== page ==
I've got steel, Alu, and carbon frames. Apart from the weight and geometry I can't tell the difference between any of them.
  • Anonymous
    Anonymous Posts: 79,667
    I'd hate to haver a cracking ride on a carbon bike... get it... cracking ride... :lol:

    Sorry I'm not too good are jokes :p.

    I cant see how any bike without suspension would float over pot holes.
  • cougie
    cougie Posts: 22,512
    Willhub - who mentioned pot holes ? The carbon really takes the buzz out of the road compared to the same sized steel frame. Same wheels and gruppo too.

    Whether its the material or geometry is hard to say, its probably a bit of both.
  • Anonymous
    Anonymous Posts: 79,667
    You said manholes and grids, grids give as much hammer to me as pot holes imo.
  • redddraggon
    redddraggon Posts: 10,862
    Tonymufc wrote:
    I rcently purchased my first carbon.

    What type of carbon was it you bought? There's Eight allotropes of carbon: a) Diamond, b) Graphite, c) Lonsdaleite, d) C60 (Buckminsterfullerene or buckyball), e) C540, f) C70, g) Amorphous carbon, and h) single-walled carbon nanotube or buckytube.

    :?: :?: :?: :?:
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  • Tonymufc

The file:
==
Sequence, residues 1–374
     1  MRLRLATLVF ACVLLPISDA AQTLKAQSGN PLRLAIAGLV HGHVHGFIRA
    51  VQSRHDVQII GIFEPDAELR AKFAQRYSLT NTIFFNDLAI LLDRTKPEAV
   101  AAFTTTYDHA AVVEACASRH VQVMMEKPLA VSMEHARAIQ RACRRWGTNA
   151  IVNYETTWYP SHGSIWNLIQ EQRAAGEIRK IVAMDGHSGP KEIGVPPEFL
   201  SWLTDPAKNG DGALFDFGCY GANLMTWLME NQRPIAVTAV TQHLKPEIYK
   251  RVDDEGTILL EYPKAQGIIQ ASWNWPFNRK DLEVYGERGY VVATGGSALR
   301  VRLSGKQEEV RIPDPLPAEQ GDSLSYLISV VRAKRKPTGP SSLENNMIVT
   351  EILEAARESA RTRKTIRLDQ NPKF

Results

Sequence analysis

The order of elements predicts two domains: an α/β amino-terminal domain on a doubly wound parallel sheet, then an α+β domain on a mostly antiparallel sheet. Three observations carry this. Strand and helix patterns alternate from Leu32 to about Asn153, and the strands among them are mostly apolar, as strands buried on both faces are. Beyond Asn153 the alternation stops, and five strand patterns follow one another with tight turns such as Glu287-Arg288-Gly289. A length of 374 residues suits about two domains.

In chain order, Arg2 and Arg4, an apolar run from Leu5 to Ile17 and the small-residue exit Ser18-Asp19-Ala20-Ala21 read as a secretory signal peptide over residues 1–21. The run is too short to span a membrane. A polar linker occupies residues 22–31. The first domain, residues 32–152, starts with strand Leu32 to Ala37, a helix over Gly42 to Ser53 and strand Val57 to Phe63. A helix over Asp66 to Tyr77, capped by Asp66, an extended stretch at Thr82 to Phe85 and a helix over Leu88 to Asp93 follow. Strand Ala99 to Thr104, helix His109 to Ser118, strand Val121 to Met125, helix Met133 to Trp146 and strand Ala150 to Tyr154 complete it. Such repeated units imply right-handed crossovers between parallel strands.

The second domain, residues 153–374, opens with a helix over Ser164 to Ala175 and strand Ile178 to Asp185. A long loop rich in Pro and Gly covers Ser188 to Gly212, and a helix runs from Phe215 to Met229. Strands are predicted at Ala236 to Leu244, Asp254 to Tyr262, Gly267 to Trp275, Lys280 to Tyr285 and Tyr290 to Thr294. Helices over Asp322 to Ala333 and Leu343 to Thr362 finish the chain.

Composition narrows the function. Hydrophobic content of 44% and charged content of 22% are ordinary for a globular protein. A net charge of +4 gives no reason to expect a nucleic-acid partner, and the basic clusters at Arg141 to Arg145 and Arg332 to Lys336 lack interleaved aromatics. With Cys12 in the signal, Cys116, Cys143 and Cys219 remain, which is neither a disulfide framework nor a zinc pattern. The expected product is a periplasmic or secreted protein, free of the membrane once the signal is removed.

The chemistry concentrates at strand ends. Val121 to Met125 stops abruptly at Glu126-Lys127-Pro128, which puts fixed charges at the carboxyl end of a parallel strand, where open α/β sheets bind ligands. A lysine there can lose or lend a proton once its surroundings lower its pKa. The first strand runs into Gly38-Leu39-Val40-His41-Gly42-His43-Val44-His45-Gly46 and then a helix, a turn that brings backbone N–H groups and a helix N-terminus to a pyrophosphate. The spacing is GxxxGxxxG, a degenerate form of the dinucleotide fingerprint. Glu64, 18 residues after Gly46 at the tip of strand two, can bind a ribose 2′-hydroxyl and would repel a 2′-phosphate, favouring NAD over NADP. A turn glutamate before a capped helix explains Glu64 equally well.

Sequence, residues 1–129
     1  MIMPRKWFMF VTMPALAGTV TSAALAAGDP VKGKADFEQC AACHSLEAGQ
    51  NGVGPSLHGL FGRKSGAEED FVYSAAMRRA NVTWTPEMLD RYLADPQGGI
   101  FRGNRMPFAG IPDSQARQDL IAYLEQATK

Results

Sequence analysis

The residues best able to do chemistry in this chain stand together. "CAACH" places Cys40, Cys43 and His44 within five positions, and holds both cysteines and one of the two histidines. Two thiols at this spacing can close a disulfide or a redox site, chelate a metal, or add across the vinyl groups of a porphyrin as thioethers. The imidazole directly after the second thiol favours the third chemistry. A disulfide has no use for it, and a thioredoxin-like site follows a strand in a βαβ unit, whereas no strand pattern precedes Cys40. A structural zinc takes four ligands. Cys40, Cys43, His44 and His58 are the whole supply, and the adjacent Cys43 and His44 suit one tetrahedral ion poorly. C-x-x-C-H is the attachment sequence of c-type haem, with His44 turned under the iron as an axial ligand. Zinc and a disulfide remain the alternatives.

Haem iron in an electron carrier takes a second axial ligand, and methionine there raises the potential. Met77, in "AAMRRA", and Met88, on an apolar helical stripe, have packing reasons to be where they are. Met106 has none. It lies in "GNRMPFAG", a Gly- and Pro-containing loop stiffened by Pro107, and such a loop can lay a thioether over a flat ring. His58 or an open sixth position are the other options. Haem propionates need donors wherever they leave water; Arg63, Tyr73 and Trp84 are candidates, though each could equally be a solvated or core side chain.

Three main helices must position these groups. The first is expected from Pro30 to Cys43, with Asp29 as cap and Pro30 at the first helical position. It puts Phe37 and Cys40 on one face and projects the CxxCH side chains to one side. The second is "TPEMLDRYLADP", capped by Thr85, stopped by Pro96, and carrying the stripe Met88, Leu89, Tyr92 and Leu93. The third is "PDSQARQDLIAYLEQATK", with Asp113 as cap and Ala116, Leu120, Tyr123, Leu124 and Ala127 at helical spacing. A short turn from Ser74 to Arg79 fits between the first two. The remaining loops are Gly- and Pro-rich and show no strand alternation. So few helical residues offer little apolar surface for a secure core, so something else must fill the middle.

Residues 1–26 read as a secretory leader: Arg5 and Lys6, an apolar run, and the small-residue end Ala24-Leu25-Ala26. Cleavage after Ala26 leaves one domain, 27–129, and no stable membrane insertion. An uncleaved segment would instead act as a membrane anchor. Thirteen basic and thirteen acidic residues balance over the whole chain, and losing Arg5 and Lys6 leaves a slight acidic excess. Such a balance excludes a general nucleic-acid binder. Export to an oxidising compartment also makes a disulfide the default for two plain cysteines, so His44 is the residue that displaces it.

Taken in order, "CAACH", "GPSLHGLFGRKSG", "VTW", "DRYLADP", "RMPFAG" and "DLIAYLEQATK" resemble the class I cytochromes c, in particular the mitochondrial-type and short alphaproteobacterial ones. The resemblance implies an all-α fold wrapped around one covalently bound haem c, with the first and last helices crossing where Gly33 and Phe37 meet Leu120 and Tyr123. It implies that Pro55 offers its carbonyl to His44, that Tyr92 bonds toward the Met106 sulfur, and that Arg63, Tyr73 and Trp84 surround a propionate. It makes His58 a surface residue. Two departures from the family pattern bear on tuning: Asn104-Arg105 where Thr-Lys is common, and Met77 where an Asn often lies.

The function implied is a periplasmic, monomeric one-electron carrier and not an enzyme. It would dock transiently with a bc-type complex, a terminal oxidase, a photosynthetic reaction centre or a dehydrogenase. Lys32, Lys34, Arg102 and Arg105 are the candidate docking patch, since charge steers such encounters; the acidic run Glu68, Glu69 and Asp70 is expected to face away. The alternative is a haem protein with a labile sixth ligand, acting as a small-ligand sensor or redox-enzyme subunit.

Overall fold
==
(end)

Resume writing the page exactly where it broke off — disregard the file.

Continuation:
Tonymufc Posts: 1,016
    Tonymufc wrote:
    I rcently purchased my first carbon.

    What type of carbon was it you bought? There's Eight allotropes of carbon: a) Diamond, b) Graphite, c) Lonsdaleite, d) C60 (Buckminsterfullerene or buckyball), e) C540, f) C70, g) Amorphous carbon, and h) single-walled carbon nanotube or buckytube.

    :?: :?: :?: :?:

    Specialized FACT 6r carbon, triple monocoque construction. If that fits any of the above, I'm not too sure. Whatever type it is its a damn fine bike too look at, and an even better one to ride. :D
  • redddraggon
    redddraggon Posts: 10,862
    Tonymufc wrote:
    Tonymufc wrote:
    I rcently purchased my first carbon.

    What type of carbon was it you bought? There's Eight allotropes of carbon: a) Diamond, b) Graphite, c) Lonsdaleite, d) C60 (Buckminsterfullerene or buckyball), e) C540, f) C70, g) Amorphous carbon, and h) single-walled carbon nanotube or buckytube.

    :?: :?: :?: :?:

    Specialized FACT 6r carbon, triple monocoque construction. If that fits any of the above, I'm not too sure. Whatever type it is its a damn fine bike too look at, and an even better one to ride. :D

    Dude your bike is made from Carbon Fibre Reinforced Polymer/Epoxy :wink:
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  • Tonymufc
    Tonymufc Posts: 1,016
    Oh well.
  • pbracing
    pbracing Posts: 231
    I bought my Trek Madone 4.5 in the summer. Brilliant. And that's the cheapest grade carbon they do, made in Taiwan. It still accelerates, climbs and rides brilliantly - so smooth. Much nicer than my (nice) steel Pinarello. Would have poss gone for Cayo if I could find a dealer for a test ride.

    Test rode Spec Roubaix on Shimano wheels - really harsh and buzzy. What wheels is your Tarmac on?